Running out of disk space and managing disk partitions has long been a headache for IT engineers. Luckily, Linux tries to solve this problem by using logical volumes.
On Ubuntu Server, logical volumes are the default method for managing your server disk space. Unfortunately, when using these volumes, not all disk space is used up and this might leave you wondering where all your disk space went. Let’s take a look at how to adjust or increase your LVM hard disk space on Ubuntu.
Key Advantages of Logical Volumes
Logical Volume Manager (LVM) is a command-line utility for managing logical volumes on Linux. If you intend to have several partitions on your server or PC then it is highly recommended that you use logical volumes for managing your disk space.
LVM is more advanced and efficient in comparison to traditional ways of managing disks using partitions. Here are some of the major benefits of logical volumes on Linux:
- Efficient: Logical volumes provide you with a more efficient way to utilize disk space
- No need to restart servers: With logical volumes, you can modify disk size without the need to restart a server as is the case with regular partitions.
- Store data across volumes: You can easily store data across multiple volumes over the entire disk
On Ubuntu Server, you can either increase the logical volume during installation or after installing the OS. We’ll look at both options so that you can choose which one suits you better. Unlike Ubuntu Desktop, Ubuntu Server only comes with a terminal by default.
Extending Logical Volume on Ubuntu During Installation
When you get to the storage configuration page during the Ubuntu Server installation, select the ubuntu-lv partition mounted at root (/), press Enter, and select the Edit option.
On the next configuration page, you’ll see the maximum possible space that your server can use compared to the one that it is currently assigned. In this case, the current disk space is 25GB and the maximum possible space that the server can use is 22.996GB, but it is only utilizing 11.496GB at the moment.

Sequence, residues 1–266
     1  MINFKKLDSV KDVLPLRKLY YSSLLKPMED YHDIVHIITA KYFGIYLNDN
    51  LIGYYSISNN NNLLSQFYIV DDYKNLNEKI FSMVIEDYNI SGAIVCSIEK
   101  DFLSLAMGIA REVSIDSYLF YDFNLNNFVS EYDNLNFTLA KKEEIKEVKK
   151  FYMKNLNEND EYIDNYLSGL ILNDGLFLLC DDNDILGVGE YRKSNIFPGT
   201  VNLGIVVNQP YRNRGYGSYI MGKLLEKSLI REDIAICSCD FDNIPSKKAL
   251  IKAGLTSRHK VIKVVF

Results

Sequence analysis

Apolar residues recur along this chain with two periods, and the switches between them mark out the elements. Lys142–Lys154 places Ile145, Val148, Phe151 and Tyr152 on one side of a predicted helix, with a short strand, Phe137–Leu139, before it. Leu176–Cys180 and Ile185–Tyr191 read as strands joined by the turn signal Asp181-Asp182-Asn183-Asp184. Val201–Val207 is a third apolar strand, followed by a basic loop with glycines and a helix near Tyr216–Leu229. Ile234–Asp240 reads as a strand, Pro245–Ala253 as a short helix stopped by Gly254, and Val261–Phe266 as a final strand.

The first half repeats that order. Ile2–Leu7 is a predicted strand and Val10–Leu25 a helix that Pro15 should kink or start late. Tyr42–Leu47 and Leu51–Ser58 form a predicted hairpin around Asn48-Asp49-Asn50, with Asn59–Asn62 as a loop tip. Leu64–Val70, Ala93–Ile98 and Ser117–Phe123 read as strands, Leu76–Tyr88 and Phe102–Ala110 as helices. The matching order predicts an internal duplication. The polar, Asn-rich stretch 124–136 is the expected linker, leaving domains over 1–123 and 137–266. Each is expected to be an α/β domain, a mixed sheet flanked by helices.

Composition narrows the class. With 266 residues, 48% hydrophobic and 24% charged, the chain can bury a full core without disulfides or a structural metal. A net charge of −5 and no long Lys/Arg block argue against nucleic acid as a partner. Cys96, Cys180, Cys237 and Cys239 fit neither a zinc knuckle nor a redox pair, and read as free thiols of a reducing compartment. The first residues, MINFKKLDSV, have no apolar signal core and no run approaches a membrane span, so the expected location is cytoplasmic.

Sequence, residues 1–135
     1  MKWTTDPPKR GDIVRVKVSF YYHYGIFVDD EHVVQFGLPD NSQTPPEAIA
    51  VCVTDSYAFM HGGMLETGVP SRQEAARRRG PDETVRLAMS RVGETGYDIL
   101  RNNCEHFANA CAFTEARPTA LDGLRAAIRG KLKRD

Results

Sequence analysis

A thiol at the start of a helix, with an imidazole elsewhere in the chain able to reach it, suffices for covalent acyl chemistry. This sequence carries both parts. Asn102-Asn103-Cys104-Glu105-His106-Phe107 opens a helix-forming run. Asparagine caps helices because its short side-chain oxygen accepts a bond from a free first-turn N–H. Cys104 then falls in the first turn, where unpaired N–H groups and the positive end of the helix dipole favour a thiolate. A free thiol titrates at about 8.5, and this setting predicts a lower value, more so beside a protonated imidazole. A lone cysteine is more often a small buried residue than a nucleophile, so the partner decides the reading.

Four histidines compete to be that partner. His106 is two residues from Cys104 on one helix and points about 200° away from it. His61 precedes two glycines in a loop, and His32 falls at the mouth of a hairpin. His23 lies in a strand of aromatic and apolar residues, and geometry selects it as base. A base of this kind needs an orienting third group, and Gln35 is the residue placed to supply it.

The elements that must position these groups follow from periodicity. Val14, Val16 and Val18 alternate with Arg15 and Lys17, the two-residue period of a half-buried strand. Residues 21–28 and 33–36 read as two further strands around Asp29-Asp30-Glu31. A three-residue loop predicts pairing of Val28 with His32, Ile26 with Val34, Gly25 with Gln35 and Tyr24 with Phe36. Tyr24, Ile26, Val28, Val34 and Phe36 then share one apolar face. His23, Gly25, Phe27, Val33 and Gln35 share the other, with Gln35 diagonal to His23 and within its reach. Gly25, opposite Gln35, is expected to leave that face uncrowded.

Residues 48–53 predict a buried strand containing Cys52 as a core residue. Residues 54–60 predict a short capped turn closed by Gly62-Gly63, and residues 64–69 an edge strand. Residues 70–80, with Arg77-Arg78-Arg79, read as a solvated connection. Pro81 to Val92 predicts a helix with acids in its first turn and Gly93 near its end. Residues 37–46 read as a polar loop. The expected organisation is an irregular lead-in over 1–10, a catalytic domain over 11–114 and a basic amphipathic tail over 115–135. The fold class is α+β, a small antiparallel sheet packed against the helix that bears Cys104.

To utilize the entire disk, simply enter the maximum possible amount shown in brackets or enter any custom disk size and then save your settings.
It’s preferable to set the logical volume space during installation but in case you’ve forgotten or simply want to adjust the space on a live server, LVM also gives you that option.
Extending Logical Volume on Ubuntu Server After Installation
Before you can extend your logical volume space, you need to be aware of how much space you have available and how much you’ve used up. Normally, you’d do that with the df command, but it will not display the correct size of the logical volumes.
Instead, use the vgdisplay (Volume Group Display) command, which displays comprehensive information on volume groups and logical volumes.
You’ll need administrative privileges to run the command.
There are three important parameters you must pay attention to:
- VG Size: This is the volume group size and shows the total available disk size. In this case, it is 23GB.
- Alloc PE/Size: This shows the amount of space that your server is currently allocated
- Free PE/Size: Shows the free space out of the total possible storage space
The df command only displays the allocated space and not the entire possible space, and this can lead you to assume that you do not have much space left on your server when a lot of space is lying idle as part of the volume group.
To extend the logical volume, use the lvextend command. But first, get the mount point of the logical volume using the lvdisplay command:
From the lvdisplay output, you can see that the disk is mounted on the path /dev/ubuntu-vg/ubuntu-lv.
Next, increase the logical volume space using the following command:
sudo lvextend -l +100%FREE /dev/ubuntu-vg/ubuntu-lv
100% means using up the entire space, so assign the required percentage according to your needs, e.g. 50%, 60%, etc.
For the changes to take effect you also need to resize the file system comprising the logical volume. Get the file system path from the df -h command; in this case, it is /dev/mapper/ubuntu–vg-ubuntu–lv.
Now if you run the df -h command again, you will see that your root drive has increased in size.
Setting Up LVM on an Ubuntu Server Is Easy
LVM is a great tool that allows you to easily manage your disk utilization and logical volumes without the hassle involved in traditional disk partitions. Plus, if your server is running critical services, you do not need to restart it after adjusting disk size.
You can also set up LVM on your Ubuntu desktop for easy management of disk space.